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Seoul (AFP) Jan 31, 2013
South Korean President Lee Myung-Bak held an emergency security meeting Thursday that warned North Korea of "serious consequences" if it went through with an expected nuclear test.
The meeting at the presidential Blue House included the defence minister, National Intelligence Service chief and the national security advisor.
A statement issued afterwards said Lee had insisted on a strengthened defence posture, given Pyongyang's apparent desire to take advantage of the ongoing leadership transition in the South.
Lee will be formally replaced as president by the newly elected Park Geun-Hye on February 25.
"The government urges North Korea to immediately stop all provocative statements and actions and abide by international obligations including UN Security Council resolutions," the statement said.
"If the North miscalculates and commits a provocative act again, it would face various serious consequences", it added.
North Korea has threatened to carry out its third nuclear test in response to UN sanctions imposed on Pyongyang for its long-range rocket launch in December.
It has also warned of "physical counter-measures" against the South if Seoul "directly participates" in the UN sanctions.
South Korean Defence Minister Kim Kwan-Jin later visited a front-line army unit and called for tight vigilance.
"Provocations are always possible because North Korean troops have been put on full alert," he said, adding South Korean troops should cope swiftly with any provocations.
North Korea said its rocket launch was a scientific mission aimed at placing a satellite in orbit, but most of the world saw it as a disguised ballistic missile test. South Korea staged a satellite launch on Wednesday.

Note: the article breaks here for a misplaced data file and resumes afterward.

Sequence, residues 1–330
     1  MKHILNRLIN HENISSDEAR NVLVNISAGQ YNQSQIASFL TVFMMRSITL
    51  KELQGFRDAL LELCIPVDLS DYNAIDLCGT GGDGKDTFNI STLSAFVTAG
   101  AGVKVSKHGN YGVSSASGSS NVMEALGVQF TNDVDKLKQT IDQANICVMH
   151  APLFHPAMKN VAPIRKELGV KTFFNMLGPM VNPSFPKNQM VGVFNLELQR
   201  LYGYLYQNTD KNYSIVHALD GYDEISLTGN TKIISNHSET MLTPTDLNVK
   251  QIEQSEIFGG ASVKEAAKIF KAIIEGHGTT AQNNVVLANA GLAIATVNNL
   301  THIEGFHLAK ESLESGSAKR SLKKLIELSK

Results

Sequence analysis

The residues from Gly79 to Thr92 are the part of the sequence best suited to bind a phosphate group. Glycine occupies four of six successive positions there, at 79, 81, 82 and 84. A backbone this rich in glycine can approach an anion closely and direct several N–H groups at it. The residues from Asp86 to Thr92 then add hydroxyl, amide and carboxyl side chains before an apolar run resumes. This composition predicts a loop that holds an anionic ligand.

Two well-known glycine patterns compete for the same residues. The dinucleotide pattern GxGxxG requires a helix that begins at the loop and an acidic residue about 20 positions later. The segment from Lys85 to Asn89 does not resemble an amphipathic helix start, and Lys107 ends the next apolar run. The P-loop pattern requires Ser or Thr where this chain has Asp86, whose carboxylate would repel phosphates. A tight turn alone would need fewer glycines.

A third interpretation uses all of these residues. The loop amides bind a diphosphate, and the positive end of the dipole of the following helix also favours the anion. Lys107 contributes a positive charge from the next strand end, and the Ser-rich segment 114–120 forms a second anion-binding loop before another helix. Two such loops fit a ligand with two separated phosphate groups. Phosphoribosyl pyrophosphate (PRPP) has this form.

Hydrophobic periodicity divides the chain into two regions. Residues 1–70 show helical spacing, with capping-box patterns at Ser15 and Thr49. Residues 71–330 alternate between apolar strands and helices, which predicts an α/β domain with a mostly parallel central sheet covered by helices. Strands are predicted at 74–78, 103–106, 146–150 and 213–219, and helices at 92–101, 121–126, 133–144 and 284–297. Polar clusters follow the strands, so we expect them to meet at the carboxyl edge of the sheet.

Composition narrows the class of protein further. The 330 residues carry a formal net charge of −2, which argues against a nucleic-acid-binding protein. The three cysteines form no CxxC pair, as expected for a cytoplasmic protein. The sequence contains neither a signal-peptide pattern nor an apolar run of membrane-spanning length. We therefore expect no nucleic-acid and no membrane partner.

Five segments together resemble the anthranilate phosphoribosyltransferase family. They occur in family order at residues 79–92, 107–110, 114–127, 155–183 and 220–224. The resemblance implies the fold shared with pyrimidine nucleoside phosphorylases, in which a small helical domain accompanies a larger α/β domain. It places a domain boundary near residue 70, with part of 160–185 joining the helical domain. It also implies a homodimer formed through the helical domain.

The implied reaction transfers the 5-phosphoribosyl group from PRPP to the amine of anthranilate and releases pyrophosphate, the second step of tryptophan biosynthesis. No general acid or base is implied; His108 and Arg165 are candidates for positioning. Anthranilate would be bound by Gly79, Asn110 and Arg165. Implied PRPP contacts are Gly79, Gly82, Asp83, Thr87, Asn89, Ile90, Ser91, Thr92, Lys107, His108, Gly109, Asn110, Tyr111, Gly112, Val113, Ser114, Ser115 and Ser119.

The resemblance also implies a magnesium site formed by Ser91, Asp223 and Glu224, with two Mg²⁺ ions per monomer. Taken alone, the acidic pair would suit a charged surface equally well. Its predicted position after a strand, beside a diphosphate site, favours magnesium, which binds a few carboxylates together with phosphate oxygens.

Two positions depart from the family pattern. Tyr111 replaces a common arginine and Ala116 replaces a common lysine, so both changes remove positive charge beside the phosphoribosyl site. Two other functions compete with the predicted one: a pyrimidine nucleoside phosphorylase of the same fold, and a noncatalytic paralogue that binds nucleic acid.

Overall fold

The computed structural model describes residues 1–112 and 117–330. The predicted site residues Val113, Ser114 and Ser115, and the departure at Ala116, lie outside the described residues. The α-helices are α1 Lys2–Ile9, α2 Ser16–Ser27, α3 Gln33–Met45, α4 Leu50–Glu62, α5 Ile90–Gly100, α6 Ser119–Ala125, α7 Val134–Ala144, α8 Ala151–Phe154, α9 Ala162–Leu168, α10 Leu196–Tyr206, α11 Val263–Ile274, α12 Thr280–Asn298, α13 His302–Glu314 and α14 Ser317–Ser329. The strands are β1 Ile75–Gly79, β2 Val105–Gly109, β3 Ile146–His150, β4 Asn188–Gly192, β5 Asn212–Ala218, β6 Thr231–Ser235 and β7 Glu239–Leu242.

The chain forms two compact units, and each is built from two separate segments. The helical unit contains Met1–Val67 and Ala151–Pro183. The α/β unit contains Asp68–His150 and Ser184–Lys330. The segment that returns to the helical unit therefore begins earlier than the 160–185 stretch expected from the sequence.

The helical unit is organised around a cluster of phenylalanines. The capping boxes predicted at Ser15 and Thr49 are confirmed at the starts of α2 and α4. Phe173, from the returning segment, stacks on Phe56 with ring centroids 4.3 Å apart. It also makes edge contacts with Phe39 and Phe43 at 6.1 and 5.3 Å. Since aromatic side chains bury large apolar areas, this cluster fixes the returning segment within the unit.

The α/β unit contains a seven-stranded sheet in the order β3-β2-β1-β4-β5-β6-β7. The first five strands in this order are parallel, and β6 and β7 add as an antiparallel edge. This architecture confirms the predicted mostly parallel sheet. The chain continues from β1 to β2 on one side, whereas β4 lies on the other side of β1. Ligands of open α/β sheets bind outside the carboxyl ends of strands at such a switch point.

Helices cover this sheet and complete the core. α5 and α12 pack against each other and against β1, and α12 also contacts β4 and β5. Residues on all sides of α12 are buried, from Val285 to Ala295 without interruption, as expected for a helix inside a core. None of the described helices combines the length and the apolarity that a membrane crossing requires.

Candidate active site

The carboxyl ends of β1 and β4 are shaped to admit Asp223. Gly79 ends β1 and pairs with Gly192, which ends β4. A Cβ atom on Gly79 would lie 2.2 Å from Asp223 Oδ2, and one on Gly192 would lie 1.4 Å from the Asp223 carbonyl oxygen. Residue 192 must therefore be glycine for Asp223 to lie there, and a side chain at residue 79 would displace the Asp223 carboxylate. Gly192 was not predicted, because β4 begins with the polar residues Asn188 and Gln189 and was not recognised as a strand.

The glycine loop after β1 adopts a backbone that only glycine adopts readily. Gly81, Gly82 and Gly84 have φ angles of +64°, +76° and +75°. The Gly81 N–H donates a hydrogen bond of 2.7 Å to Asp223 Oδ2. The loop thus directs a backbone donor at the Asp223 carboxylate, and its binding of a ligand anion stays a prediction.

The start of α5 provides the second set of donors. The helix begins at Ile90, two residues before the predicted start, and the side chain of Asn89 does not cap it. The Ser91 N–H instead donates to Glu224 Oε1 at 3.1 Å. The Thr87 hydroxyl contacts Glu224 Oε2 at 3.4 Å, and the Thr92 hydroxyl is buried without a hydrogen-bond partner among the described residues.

After North Korea's rocket launch, the UN Security Council adopted a resolution, expanding sanctions imposed on the country after its nuclear tests in 2006 and 2009.
North Korea's space agency, a bank, four trading companies and four individuals were added to the UN sanctions list for an assets freeze and travel ban.
According to Lee's national security advisor, Chun Young-Woo, numerous North Korean state entities have begun opening special accounts in China to pre-empt fresh sanctions that would almost inevitably follow a nuclear test.
"In anticipation of UN sanctions, North Korea has opened dozens of these bank accounts under aliases," Chun was quoted as telling a seminar on Wednesday by the Chosun Ilbo daily.
Insisting that the North had been repeatedly "weasling" out of sanctions already imposed, Chun said the UN measures against Pyongyang should be ramped up to the level of those imposed on Iran.
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